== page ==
019 - Unlock Your Leadership Potential



  • You have even more leadership potential in you
  • How organisations commonly develop leaders
  • Act more authentically
  • Stop copying others
  • Once your magic goes, you're easily replaced
  • Give yourself approval, don't wait for someone else to do it
  • Go for value
  • Discern what's important vs what's possible
  • Notice when something's missing or needed
  • Get traction on efforts
  • Use the traction method of Decide, Schedule, Do and Follow-up
  • The true you is always more impressive.


This post is about simple things you can do now. But, if you DO want to take this further, check out The Art of Influence online course. It goes into greater depth and provides more practical ideas for leading and influence. Click the link above or the image below.


You have more leadership potential than you've shown so far. I can guarantee it. It's not that you've been slack or under-performing at all. It's just that all of us can grow, develop and emerge further from the cocoons of expectation that both we and others have placed on ourselves.

This yet-to-be-seen potential might manifest itself in you taking on new roles, being promoted to newer opportunities, or building an even better reputation as someone who is a respected leader in your organisation.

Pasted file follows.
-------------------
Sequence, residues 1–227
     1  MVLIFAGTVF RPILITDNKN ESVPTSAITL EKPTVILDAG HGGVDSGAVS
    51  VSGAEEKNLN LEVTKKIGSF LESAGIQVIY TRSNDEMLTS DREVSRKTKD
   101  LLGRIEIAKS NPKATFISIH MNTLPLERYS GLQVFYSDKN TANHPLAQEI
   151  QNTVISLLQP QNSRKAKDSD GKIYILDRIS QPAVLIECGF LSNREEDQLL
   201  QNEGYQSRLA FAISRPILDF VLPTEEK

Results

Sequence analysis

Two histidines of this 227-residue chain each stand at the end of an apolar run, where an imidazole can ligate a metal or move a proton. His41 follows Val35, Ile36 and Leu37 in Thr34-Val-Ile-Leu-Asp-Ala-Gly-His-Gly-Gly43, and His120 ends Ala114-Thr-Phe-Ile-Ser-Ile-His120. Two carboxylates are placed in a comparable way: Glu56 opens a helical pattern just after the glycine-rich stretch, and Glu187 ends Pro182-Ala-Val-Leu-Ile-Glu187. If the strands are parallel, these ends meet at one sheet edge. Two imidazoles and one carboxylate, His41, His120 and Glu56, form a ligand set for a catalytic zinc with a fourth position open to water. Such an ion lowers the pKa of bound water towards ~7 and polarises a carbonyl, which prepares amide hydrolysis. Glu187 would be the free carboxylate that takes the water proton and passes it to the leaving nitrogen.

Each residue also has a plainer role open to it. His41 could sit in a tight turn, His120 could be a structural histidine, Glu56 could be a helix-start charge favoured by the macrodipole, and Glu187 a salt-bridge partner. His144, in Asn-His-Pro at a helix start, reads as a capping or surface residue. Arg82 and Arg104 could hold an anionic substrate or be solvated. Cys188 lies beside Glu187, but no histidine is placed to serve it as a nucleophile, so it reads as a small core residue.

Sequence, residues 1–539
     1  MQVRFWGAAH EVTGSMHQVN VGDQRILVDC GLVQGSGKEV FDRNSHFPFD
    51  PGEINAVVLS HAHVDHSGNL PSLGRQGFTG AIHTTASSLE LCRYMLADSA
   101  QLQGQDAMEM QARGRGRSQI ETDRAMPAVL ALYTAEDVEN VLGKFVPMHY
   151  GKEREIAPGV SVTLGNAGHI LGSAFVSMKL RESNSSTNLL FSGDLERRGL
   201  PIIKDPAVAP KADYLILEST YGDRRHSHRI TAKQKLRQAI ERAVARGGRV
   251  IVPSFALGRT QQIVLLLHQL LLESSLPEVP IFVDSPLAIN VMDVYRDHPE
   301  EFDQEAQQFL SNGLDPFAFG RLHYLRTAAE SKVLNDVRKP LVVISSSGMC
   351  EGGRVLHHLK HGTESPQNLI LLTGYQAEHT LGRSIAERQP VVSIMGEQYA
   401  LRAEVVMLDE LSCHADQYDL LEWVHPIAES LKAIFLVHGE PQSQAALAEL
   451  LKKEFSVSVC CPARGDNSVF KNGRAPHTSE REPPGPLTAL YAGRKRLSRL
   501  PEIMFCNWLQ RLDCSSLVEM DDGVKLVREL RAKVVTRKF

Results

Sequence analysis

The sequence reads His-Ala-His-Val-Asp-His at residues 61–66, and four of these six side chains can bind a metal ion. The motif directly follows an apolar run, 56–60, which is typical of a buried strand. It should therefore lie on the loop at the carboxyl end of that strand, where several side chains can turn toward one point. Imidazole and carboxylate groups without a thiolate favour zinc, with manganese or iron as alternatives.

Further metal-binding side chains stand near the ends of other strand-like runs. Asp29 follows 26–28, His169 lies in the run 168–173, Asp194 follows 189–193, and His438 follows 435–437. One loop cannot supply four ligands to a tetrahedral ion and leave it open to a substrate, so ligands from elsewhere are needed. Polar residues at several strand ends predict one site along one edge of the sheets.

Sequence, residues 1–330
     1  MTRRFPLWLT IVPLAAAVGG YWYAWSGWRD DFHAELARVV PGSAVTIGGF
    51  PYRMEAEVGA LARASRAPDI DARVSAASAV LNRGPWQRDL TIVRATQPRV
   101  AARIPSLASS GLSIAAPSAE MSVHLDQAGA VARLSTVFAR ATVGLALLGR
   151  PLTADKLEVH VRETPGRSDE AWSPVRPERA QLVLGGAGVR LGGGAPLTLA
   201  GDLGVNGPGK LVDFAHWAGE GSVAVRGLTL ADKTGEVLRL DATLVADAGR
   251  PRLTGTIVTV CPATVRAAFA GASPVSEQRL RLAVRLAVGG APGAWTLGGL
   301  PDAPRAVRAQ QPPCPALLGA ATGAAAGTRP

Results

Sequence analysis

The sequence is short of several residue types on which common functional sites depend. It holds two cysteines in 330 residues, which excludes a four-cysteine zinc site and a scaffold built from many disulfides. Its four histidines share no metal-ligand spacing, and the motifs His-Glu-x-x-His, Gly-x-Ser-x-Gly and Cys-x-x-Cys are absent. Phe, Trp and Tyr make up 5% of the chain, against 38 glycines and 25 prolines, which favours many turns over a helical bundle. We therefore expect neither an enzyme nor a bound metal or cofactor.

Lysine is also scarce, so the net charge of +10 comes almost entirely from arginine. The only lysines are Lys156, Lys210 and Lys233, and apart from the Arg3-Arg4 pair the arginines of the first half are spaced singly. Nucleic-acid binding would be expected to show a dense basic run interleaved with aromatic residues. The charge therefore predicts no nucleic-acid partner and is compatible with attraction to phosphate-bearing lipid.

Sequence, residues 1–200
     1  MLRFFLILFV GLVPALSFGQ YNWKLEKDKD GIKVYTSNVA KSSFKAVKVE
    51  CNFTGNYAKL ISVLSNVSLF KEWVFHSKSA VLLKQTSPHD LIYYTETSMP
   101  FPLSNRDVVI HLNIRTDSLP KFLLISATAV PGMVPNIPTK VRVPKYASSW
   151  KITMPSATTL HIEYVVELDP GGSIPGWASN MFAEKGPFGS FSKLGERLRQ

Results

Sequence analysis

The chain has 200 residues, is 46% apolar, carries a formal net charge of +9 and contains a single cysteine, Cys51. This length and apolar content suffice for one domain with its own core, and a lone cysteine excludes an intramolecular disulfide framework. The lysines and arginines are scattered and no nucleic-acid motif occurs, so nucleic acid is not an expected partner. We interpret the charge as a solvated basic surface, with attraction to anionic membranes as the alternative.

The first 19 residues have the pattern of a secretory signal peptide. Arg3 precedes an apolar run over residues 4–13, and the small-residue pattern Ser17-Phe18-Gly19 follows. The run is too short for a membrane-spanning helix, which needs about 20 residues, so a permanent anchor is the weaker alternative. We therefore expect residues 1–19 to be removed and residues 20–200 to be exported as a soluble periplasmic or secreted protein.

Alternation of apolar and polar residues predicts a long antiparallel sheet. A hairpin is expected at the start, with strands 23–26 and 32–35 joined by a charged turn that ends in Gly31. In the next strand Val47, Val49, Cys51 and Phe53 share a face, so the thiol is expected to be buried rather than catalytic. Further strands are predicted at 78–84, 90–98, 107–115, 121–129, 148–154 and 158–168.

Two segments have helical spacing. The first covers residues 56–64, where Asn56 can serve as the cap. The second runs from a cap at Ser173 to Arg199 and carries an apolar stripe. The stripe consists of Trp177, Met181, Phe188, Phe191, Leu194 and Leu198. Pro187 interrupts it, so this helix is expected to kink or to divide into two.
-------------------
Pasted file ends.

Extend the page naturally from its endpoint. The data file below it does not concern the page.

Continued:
The most common ways organisations develop their leaders is by giving them opportunities, sending them on leadership courses, or helping them develop new skills. In other words, increasing their potential.

Those strategies can indeed be useful in developing people's potential.

However, here are three less common but probably more effective ways you can unlock more of your leadership potential over the next weeks and months.

They don't have anything to do with courses or promotions.

1. Act More Authentically

Someone once said, "Be completely yourself. Everyone else is already taken." 

What they're alluding to is the very common phenomenon of professionals seeing what they believe others are doing to succeed, and trying to copy that for themselves.

Inadvertently, they can instead become a copy of that person and their own self can start to get buried. 

On top of that, many people are fearful of being fully themselves at work, especially in corporate settings, because they think that if they are, it won't be good enough, or that's just 'not the way you should be.'

The cost of this is that after a while you'll bury your real self, personality and style...and your magic goes with it.

And once your magic goes, you can so easily be replaced.

So, to reveal a more authentic you, try to:

  • Stop behaving like someone you're not
  • Identify your core strengths and use them
  • Give yourself the big tick of approval - you don't need anyone else's approval
  • Learn new skills that genuinely appeal to you
  • Say what you really think (in appropriate ways, of course)
  • Don't take something on if you really don't want to (unless you have a strategic reason for doing so).

2. Go for Value